There are no lifts or escalators down to the exit so not an accessible station for disabled people.
The first section shows everyone at Fairlop Waters
The final section shows people on their way into Barkingside Town centre.
I decided to follow the mural and walked the short distance to Fairlop Waters
During WW2 it was known as RAF Fairlop and had Spitfire and Barrage balloon squadrons here. It was thought that after the war it would become a major new international airport for London but that didn't happen and the area was landscaped to become the Fairlop Country Park.
The artificial climbing boulders.
But this is not a church it is a library. The circular design of the library mirrors the roundabout. Opened in 1968 it is part of Modernist civic buildings which include the adjacent leisure centre. Designed by Sir Frederick Gibberd who said that every town need a 'crown', it would appear that this was the crown he had in mind for here.
At the front of the leisure centre is the Town Square used for events and markets. The Square is named Ken Aston Square after a local resident who was a professional football referee famed for inventing the red and yellow card system.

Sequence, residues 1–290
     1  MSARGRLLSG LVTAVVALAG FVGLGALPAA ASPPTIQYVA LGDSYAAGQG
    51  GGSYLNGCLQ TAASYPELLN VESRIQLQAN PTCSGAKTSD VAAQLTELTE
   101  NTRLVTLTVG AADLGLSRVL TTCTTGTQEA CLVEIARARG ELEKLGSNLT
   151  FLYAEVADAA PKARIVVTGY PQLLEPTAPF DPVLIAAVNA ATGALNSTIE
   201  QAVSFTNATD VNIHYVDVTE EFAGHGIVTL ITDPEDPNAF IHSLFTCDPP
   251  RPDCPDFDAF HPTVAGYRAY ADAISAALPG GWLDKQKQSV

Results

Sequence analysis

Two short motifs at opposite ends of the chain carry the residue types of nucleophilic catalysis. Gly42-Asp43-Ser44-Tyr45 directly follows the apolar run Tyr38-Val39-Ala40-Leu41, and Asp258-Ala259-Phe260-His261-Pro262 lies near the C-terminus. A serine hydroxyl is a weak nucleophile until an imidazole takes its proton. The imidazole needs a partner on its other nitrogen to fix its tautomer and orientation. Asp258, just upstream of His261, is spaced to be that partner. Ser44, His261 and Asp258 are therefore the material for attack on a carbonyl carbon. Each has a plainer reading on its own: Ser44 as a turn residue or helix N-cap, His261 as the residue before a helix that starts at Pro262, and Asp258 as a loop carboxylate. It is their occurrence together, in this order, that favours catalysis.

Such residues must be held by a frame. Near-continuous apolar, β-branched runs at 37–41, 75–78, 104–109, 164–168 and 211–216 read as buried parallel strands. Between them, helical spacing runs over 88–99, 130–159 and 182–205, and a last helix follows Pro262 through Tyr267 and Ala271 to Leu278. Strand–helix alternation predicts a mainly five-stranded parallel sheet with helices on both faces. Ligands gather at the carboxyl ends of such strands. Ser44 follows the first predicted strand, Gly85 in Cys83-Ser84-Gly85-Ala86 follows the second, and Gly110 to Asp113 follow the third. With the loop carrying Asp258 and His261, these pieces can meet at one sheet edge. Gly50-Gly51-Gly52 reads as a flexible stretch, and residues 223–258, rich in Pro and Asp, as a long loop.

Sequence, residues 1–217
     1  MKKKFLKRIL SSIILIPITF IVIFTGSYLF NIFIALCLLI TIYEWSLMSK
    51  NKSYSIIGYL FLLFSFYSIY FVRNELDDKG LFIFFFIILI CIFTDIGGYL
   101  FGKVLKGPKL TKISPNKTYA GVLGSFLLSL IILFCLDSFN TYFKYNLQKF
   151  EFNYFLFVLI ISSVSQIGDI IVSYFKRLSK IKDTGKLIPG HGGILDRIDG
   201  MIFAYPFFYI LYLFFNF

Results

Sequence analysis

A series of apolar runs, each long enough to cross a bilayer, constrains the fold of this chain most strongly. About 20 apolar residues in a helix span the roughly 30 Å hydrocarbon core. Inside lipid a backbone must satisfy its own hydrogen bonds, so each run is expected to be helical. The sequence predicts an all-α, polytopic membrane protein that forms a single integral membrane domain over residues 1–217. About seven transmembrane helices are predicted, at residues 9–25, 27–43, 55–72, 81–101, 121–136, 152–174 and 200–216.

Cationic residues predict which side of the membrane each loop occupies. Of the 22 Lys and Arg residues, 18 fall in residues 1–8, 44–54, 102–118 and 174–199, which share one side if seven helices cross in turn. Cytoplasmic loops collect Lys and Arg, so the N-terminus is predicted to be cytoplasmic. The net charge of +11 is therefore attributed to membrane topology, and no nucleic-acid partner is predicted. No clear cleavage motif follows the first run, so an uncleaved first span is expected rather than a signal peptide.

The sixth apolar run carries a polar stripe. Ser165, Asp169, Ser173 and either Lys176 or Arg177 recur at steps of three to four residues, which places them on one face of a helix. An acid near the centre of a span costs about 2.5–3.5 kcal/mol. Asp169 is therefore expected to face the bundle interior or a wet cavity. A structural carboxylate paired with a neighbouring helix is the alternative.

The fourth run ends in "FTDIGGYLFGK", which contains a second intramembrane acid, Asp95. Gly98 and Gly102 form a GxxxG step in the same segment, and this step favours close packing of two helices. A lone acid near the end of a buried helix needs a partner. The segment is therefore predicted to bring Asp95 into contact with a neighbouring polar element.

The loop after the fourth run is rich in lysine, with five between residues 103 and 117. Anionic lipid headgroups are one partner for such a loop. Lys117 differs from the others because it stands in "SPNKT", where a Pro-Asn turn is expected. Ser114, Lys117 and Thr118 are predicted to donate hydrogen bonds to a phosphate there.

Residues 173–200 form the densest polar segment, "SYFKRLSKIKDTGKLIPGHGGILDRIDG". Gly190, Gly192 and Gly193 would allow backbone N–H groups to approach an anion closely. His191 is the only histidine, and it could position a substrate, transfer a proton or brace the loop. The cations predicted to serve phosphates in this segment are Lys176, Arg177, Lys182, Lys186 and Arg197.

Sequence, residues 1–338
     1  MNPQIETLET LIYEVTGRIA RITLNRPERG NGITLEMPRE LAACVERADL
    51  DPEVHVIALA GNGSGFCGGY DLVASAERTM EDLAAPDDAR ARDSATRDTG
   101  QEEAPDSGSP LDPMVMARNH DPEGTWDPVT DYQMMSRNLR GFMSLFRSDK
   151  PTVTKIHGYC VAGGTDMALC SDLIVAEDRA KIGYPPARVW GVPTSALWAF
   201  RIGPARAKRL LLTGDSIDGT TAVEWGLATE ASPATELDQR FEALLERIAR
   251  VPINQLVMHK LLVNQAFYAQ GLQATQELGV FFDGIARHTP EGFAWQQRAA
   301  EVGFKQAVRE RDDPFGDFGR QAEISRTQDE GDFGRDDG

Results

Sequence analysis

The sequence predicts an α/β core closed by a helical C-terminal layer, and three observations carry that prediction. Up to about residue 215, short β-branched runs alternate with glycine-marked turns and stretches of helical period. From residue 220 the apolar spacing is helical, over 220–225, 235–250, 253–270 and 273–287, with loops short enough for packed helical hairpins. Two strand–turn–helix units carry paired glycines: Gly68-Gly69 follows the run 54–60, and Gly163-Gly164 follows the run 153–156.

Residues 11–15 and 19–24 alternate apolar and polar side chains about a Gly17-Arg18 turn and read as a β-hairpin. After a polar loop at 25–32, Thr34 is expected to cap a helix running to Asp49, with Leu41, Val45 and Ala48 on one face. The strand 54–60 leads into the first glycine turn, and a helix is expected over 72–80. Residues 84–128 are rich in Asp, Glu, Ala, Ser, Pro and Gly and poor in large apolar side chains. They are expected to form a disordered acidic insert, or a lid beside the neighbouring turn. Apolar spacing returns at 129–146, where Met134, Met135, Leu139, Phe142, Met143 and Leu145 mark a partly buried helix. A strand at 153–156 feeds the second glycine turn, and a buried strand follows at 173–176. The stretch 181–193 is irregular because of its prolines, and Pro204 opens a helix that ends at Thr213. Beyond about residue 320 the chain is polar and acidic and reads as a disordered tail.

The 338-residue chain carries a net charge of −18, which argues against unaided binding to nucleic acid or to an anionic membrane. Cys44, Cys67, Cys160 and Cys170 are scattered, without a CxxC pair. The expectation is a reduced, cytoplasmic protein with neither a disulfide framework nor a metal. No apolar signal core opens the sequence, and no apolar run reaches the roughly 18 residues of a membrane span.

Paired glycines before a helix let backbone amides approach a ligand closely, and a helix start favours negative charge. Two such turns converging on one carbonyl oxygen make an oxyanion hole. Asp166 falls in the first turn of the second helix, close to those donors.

In the centre of the roundabout is an oak tree. This tree was planted in 1951 to celebrate the Festival of Britain. The ancestor tree it commemorates stood on a site close to the boathouse on the sailing lake at Fairlop Waters. This 'King of the Forest' was almost one thousand years old when it was finally blown down in a heavy gale in 1820. Fairlop Fair was held under the tree. The Fair was started by Daniel Day who had a small estate near Fairlop Oak. He visited the tree every year on the first Friday of July to receive his rents and to entertain his friends and employees. By 1725 this private party had grown into a regular Fair. It grew in size over the years until 200,000 people were recorded attending the event with its many side shows and activities. The last Fair of any size was in 1900.
The revival of the Fair was held in July 2013 at Fairlop Waters and attracted 2,500 visitors and will no doubt increase in numbers year on year.
Returning to the station I had a clear view of the tube trains travelling across the bridge on their way into Fairlop station.